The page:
Three soccer players in Houston struck by lightning

Harris County Sheriff's Office spokesman Thomas Gilliland says rain halted a men's league soccer club around noon on Sunday and the players all run for cover under some nearby trees.

Mayra Beltran/Houston Chronicle/AP
Sheriff's Deputy Joe Shriver points to where he saw the first victim that was killed by a lighting strike at a soccer field on Sunday, July 15, 2012, in Houston. Two men have been killed and a third injured after they were struck by lightning during a thunderstorm.

Two soccer players are dead and another is injured after lightning struck a tree that they were standing beneath to shelter from a storm in Houston.

Harris County Sheriff's Office spokesman Thomas Gilliland says rain halted a men's league soccer club around noon on Sunday and the players all ran for cover under some nearby trees.

Gilliland says lightning struck one of the trees, killing one of the men. Two others were also hit and taken to a Houston hospital, where a second man was pronounced dead.

The third man is in stable condition at Ben Taub General Hospital.

Authorities have not released the names of any of the men.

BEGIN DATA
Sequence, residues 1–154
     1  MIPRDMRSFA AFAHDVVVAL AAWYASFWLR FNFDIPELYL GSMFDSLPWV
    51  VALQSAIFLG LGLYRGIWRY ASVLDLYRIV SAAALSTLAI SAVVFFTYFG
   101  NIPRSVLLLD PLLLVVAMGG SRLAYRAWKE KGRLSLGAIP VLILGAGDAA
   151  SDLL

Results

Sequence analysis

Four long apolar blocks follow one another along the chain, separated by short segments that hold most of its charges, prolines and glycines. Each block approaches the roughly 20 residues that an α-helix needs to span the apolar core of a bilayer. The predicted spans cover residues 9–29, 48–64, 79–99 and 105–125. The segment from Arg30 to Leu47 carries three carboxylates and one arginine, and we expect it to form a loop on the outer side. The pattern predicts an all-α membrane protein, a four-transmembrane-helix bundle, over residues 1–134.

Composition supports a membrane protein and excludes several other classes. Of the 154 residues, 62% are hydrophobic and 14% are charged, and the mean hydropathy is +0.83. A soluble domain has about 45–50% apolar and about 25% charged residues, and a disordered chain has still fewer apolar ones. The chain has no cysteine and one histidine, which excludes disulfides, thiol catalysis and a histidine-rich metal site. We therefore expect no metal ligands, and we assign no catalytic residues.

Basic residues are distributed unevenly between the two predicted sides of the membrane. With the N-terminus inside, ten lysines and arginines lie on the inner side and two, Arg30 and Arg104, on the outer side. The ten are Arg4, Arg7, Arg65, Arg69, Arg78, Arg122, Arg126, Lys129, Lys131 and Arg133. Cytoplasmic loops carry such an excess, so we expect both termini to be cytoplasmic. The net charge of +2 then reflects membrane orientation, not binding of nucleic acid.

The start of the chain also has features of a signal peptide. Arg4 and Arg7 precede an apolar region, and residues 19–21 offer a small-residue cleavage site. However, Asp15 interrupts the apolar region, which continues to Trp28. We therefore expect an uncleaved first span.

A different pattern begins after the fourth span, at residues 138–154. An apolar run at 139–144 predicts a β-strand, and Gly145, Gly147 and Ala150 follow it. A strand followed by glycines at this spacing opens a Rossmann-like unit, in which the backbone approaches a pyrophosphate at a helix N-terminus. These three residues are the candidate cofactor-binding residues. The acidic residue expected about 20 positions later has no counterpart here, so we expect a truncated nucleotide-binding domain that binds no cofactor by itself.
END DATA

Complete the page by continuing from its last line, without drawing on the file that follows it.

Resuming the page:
The Houston area has been drenched by rain the past week, flooding between 50 and 100 homes.

You've read  of  free articles. Subscribe to continue.

Dear Reader,

About a year ago, I happened upon this statement about the Monitor in the Harvard Business Review – under the charming heading of “do things that don’t interest you”:

“Many things that end up” being meaningful, writes social scientist Joseph Grenny, “have come from conference workshops, articles, or online videos that began as a chore and ended with an insight. My work in Kenya, for example, was heavily influenced by a Christian Science Monitor article I had forced myself to read 10 years earlier. Sometimes, we call things ‘boring’ simply because they lie outside the box we are currently in.”

If you were to come up with a punchline to a joke about the Monitor, that would probably be it. We’re seen as being global, fair, insightful, and perhaps a bit too earnest. We’re the bran muffin of journalism.

But you know what? We change lives. And I’m going to argue that we change lives precisely because we force open that too-small box that most human beings think they live in.

The Monitor is a peculiar little publication that’s hard for the world to figure out. We’re run by a church, but we’re not only for church members and we’re not about converting people. We’re known as being fair even as the world becomes as polarized as at any time since the newspaper’s founding in 1908.

We have a mission beyond circulation, we want to bridge divides. We’re about kicking down the door of thought everywhere and saying, “You are bigger and more capable than you realize. And we can prove it.”

If you’re looking for bran muffin journalism, you can subscribe to the Monitor for $15. You’ll get the Monitor Weekly magazine, the Monitor Daily email, and unlimited access to CSMonitor.com.